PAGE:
Some say that union with Christ is the integrating structure for both justification and sanctification. In other words, we’re justified “in Christ” AND we’re sanctified “in Christ.”  Sanctification doesn’t depend on justification, but both depend on union with Christ. How would you respond?
There’s a long and noble history of “the marvelous exchange” in patristic and medieval theology that the Reformers picked up. Bernard of Clairvaux had an especially significant impact on Luther and Calvin, and both Reformers gave a lot of space to this theme of union with Christ as an analogy not only for justification but for all of the saving benefits we have in Christ.
Like Paul (think especially of the transition from Romans 6 to 7), Calvin emphasized that we cannot embrace Christ for justification without at the same time embracing him for our sanctification. We don’t just receive a gift, or even many gifts, but Christ himself by faith. We are united to him. He is the eschatological forerunner, head, Vine, and source for the new creation to which we now belong. The Spirit unites us to Christ by the gospel and the gospel is not only the good news that we are justified, but the good news that the Lord Christ has conquered the dominion of sin and we have been baptized into his death and resurrection. So the gospel is always the source of our sanctification, but the gospel includes freedom from both the guilt and tyranny of our sins.
But some among us suggest that because we receive justification and sanctification in union with Christ, there is no logical dependence of the latter on the former. I don’t find that anywhere in the relevant scriptural passages or in the exegesis offered by the Reformers, the confessions and catechisms, and the Puritans.  Reformed theology certainly teaches that justification provides the secure legal basis for our growing and maturing relationship with Christ (i.e., sanctification).  At the same time, we’re always returning to Christ for both.  So we have to resist the false choice between union with Christ or justification.  As much as Calvin referred to the former, he still calls justification “the main hinge on which religion turns,” “the primary article,” etc..  That runs straight through all of the great spiritual writings, sermons, and treatises of the Reformed tradition.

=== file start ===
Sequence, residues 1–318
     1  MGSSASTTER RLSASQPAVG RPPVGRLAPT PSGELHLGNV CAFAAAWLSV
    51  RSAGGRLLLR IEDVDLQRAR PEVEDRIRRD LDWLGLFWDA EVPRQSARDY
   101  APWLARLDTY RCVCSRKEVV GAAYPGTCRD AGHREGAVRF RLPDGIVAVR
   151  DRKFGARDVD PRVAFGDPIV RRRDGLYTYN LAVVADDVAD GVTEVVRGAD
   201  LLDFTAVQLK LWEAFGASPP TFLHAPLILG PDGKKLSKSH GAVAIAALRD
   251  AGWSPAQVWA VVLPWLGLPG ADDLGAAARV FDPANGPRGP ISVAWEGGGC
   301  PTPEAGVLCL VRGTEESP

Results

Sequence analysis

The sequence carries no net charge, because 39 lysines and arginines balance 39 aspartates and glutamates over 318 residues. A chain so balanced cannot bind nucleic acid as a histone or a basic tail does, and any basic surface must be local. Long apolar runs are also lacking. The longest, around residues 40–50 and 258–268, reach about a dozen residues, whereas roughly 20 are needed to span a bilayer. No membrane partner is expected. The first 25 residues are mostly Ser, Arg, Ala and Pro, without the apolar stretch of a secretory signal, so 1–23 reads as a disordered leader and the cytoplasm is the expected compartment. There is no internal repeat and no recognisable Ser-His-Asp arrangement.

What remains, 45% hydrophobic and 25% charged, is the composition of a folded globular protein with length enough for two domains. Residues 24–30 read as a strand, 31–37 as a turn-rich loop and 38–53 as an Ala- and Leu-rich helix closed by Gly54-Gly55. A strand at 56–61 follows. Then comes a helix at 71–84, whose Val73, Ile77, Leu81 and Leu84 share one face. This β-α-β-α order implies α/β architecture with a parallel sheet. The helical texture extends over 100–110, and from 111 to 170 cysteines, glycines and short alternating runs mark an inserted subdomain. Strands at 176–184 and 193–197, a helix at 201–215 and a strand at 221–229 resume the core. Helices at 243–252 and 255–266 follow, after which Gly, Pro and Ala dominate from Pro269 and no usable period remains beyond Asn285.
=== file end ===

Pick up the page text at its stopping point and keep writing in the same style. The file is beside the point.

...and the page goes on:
In the recent discussions at the Ref21 blog, Rick Phillips clarified that “Justification is logically prior to progressive sanctification.” When you say that justification is logically prior to sanctification, are you speaking of definitive or progressive sanctification?
The idea of definitive sanctification (distinct from regeneration or progressive sanctification) was first proposed by John Murray.  I agree completely with his interpretation of the passages that lead him to this position, but think it can still be covered under the new birth.  If that’s the case, then yes, the new birth precedes justification logically.  However, sanctification in no sense (however defined) is logically prior to justification, which would lead basically to Rome’s position (justification as the outcome of sanctification).
Tullian Tchividjian

Earthquakes, Hurricanes, Monsters next?

Sunday, August 28, 2011

Bob Dylan - A Hard Rain's A-Gonna Fall

A hard rain is falling right now on the east coast

Why Go To College

Three Uses of The Law - Interview with Mike Horton 3